Witchfire is a roguelike first-person shooter with a fantasy theme. Its world is under attack from witches and his holiness the Pope has sent witch hunters to deal with them with magic and firearms.

Players take control of a hunter, and like many other roguelikes, must go through the same level over and over, upgrading their equipment and abilities to the point that they can finally defeat that level’s boss and unlock the next one.

Witchfire offers a few semi-open world maps that need to be unlocked one by one. Players can wander around the maps, cleansing the area of the witches’ minions and gathering perks and upgrade points that will make their weapons and magic more powerful.

The nice thing about this open world is that the boss fight is available right from the start, so players can go for it whenever they feel ready. They can also return to their hideout using portals found across the land, or continue gathering resources more at the risk of death and total loss. This risk-reward system is quite similar to most Soulslikes in this way, and I appreciated it.

However, my favorite parts of Witchfire were random events and calamities. The random events might be a lost soul or a cursed place that works like an arena or miniboss fight that rewards extra resources. In calamities, players have a limited time to reach a specific point, but if they fail, a horde of super-powerful enemies will hunt them down. There’s also a recurring, roving miniboss called Warden that searches for the player — it’s a bit like Mr. X in Resident Evil 2.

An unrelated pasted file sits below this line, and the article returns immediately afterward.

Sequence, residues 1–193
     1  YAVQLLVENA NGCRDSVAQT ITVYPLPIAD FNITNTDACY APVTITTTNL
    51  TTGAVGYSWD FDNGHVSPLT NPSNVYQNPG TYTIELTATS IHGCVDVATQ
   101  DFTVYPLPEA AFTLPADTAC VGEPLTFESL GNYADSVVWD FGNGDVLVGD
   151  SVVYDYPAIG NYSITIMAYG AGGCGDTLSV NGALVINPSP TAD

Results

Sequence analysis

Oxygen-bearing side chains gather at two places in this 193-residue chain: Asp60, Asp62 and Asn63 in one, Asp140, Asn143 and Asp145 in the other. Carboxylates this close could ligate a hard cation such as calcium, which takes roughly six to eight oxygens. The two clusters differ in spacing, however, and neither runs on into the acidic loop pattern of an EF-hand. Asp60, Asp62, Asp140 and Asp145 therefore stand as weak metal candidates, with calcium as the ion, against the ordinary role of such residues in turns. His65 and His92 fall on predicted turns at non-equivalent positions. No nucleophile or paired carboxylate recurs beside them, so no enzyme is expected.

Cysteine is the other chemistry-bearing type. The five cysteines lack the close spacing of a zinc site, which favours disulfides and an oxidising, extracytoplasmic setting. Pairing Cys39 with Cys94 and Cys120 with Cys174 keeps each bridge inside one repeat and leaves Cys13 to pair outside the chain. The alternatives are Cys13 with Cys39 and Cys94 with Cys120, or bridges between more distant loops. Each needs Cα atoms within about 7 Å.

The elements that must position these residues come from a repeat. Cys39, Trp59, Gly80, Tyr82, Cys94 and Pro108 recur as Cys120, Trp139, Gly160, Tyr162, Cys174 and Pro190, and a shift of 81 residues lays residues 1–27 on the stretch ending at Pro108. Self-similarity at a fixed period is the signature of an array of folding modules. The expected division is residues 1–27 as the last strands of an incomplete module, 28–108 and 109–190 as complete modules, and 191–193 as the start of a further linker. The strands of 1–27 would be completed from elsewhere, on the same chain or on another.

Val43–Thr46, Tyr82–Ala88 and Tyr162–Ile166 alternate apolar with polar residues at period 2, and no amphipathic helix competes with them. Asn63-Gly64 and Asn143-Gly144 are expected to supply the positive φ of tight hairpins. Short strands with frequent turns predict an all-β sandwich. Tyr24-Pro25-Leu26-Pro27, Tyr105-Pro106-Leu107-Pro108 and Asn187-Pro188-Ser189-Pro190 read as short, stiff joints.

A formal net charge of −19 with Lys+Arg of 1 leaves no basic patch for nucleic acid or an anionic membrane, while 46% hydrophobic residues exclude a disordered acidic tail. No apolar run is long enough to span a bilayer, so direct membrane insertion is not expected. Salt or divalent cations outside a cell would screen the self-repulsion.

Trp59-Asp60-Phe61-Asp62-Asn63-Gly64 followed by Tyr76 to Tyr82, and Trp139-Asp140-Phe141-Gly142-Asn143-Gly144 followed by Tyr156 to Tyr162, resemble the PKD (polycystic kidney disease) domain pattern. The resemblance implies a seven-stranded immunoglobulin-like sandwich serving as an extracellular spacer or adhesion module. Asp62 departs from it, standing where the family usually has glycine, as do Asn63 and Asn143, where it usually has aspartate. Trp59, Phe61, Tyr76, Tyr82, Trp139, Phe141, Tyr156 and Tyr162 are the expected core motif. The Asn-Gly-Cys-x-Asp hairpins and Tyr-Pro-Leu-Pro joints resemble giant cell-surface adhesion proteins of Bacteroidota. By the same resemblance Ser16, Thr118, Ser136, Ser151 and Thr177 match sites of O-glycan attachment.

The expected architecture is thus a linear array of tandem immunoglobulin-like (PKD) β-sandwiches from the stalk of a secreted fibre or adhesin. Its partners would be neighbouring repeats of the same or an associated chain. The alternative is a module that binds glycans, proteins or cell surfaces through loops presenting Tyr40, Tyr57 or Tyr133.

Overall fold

In terms of gameplay itself, combat is focused on gunplay and the use of magic is limited. Three guns and two types of magic can be equipped during each run. The guns are nothing out of the ordinary — just the same sort of rifle, shotgun, and SMG combination seen in most titles. There are different types of spells to use, magic takes a relatively long time to recharge and I generally forgot to use it in combat.

Unfortunately, while Witchfire manages to find its own identity in terms of theming, when it comes to gameplay it feels and plays like so many other titles out there. On the plus side, Witchfire is still in Early Access, meaning the developers still have time to polish things up and add some spice.

Currently available in Early Access on the Epic game store, no official release date has been announced.

Ali Arkani
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11 days ago

Witchfire – need to polish some things